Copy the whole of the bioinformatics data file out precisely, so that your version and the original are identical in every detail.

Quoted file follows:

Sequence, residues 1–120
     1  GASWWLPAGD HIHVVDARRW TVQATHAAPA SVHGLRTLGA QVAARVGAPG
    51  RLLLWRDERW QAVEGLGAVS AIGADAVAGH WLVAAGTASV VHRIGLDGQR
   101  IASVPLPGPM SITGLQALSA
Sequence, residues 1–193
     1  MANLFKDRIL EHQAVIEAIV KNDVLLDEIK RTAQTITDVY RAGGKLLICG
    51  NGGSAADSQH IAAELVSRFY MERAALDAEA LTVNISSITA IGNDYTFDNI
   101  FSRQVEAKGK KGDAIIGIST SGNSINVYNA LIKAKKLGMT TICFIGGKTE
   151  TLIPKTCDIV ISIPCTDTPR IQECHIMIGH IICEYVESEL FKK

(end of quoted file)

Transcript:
Sequence, residues 1–120
     1  GASWWLPAGD HIHVVDARRW TVQATHAAPA SVHGLRTLGA QVAARVGAPG
    51  RLLLWRDERW QAVEGLGAVS AIGADAVAGH WLVAAGTASV VHRIGLDGQR
   101  IASVPLPGPM SITGLQALSA
Sequence, residues 1–193
     1  MANLFKDRIL EHQAVIEAIV KNDVLLDEIK RTAQTITDVY RAGGKLLICG
    51  NGGSAADSQH IAAELVSRFY MERAALDAEA LTVNISSITA IGNDYTFDNI
   101  FSRQVEAKGK KGDAIIGIST SGNSINVYNA LIKAKKLGMT TICFIGGKTE
   151  TLIPKTCDIV ISIPCTDTPR IQECHIMIGH IICEYVESEL FKK